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It’s the early 1990s, and as a new college student, Agnes is caught between the broken home she leaves behind and the wilderness of campus life. What she needs most is her mother, who has disappeared once and for all, and her brother, who left the family tragically a few years prior. As Agnes tries to find her footing, she writes letters to her mother to conjure a closeness they never. But when she finds out she is pregnant, Agnes begins to contend with what it means to be a mother and, in some ways, what it means to be your own mother. The end of the world as she knows it is also the beginning of a brand new one.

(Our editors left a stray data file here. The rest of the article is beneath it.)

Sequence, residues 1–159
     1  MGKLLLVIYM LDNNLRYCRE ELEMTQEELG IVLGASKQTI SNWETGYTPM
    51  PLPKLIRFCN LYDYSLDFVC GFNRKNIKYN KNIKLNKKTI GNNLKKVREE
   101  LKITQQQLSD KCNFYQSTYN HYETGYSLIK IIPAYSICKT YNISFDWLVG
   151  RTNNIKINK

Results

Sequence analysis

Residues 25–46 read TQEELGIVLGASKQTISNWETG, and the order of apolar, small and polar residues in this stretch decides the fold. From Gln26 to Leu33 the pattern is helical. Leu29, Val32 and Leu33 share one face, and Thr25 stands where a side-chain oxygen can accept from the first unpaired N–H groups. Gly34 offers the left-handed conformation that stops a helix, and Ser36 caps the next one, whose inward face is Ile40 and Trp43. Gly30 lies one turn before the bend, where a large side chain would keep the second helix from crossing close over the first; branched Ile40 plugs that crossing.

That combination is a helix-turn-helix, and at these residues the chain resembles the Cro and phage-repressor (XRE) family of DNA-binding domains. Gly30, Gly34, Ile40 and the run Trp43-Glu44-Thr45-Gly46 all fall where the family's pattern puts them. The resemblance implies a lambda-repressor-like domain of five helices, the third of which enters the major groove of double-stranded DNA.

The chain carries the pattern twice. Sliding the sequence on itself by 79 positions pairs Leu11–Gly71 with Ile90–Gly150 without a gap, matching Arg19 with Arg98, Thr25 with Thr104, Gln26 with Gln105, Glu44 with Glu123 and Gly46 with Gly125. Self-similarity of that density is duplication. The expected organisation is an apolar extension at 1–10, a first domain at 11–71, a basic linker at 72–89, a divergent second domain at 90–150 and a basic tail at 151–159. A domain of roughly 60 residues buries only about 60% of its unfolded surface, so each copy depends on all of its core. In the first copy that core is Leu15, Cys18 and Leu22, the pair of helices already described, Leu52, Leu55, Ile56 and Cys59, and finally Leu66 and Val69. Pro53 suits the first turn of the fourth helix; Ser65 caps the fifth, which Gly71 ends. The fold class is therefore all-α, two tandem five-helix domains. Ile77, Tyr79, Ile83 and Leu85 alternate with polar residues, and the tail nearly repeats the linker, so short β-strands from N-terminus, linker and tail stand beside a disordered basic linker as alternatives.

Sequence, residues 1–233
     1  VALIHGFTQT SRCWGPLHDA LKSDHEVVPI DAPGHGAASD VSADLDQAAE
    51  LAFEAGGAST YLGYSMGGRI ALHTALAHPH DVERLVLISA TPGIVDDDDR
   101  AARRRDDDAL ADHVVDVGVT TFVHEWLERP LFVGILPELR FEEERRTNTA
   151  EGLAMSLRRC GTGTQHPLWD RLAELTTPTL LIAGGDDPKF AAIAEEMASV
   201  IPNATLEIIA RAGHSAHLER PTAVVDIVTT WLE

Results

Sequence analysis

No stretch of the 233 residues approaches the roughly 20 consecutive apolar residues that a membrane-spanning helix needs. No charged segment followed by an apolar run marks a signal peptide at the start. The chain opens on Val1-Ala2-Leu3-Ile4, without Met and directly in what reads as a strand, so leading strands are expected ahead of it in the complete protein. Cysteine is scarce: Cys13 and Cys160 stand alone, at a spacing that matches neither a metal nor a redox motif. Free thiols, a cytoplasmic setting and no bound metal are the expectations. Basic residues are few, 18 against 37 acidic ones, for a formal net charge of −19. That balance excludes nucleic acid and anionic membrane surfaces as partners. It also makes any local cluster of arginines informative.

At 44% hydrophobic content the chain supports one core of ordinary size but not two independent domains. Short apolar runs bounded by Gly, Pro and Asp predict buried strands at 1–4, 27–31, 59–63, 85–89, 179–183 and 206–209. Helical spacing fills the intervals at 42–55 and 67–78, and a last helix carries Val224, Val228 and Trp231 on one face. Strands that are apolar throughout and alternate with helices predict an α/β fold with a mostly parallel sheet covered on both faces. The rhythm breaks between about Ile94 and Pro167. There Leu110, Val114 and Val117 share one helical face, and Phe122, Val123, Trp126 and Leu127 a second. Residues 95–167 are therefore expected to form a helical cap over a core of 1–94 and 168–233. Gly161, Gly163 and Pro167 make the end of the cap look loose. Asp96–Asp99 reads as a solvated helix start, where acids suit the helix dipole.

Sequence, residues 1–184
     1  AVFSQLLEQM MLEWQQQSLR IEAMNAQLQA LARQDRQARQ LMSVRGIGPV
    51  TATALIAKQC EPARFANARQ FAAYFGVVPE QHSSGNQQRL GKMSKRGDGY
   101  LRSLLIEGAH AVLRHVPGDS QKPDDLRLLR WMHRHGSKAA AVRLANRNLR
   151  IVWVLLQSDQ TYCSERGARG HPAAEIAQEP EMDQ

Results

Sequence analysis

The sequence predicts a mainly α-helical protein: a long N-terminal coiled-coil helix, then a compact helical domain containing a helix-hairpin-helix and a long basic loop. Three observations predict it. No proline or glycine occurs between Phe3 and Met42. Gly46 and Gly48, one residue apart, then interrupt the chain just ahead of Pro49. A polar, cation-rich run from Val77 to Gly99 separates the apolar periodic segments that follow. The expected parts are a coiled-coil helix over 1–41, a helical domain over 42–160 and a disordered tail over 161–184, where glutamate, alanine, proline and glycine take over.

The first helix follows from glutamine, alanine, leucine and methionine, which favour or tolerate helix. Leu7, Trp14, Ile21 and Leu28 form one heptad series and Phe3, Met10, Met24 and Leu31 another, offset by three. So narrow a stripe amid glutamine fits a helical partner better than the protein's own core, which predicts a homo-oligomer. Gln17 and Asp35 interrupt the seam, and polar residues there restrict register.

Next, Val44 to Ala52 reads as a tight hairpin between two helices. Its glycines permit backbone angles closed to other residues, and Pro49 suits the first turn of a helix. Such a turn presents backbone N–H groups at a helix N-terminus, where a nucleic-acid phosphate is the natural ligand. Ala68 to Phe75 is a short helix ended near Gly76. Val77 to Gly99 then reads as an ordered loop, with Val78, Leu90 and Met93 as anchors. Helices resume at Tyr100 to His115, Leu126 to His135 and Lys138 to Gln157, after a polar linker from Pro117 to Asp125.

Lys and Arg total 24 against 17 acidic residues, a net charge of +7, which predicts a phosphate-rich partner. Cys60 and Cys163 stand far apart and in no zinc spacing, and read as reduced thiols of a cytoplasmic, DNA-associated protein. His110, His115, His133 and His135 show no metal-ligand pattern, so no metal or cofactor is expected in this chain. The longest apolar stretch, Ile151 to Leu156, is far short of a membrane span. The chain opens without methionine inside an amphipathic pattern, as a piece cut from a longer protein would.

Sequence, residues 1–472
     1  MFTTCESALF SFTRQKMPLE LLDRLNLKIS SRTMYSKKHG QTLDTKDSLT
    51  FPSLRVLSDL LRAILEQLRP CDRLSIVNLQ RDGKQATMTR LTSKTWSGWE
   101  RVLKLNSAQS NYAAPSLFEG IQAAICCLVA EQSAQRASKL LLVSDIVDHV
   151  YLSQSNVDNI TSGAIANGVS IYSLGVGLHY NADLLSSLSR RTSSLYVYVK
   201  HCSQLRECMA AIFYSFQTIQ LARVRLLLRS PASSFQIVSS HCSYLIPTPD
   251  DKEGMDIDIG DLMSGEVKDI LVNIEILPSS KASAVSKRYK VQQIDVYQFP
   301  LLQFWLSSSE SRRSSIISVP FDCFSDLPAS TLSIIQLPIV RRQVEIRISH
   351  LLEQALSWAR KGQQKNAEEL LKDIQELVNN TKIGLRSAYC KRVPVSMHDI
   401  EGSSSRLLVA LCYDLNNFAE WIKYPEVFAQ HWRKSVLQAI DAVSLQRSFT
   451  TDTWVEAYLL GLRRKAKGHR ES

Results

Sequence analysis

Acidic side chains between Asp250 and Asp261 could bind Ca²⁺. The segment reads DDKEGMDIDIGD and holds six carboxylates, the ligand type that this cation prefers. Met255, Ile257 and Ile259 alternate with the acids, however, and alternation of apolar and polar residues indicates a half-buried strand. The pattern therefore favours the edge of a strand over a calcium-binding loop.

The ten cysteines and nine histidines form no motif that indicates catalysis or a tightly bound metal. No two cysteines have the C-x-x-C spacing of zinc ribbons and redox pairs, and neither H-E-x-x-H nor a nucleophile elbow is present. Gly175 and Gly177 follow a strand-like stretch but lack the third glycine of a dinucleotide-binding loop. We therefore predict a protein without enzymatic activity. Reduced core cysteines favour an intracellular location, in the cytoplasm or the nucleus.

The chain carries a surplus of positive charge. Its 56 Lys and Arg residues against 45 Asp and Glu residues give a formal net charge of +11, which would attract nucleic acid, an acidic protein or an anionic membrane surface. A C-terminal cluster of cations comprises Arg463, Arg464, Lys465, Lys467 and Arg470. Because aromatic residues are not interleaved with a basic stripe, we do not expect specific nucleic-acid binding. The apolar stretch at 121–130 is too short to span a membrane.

MOTHEREST transforms from a smart...broody meditation on abandonment into an emotionally brimming story of new life and new responsibility. It becomes saturated with hope.
The Wall Street Journal
[MOTHEREST forms] a tableau that is heartbreaking, hilarious, and poignant -- often at the same time. A powerfully perceptive story written with love, realism, and humor and that feels fresh despite the familiar terrain
Kirkus (Starred Review)
Agnes' voice, in her heartrending letters and her funny, sad, dead-true perceptions, propels Iskandrian's brilliant debut about life's continuously shifting, perplexing intimacies.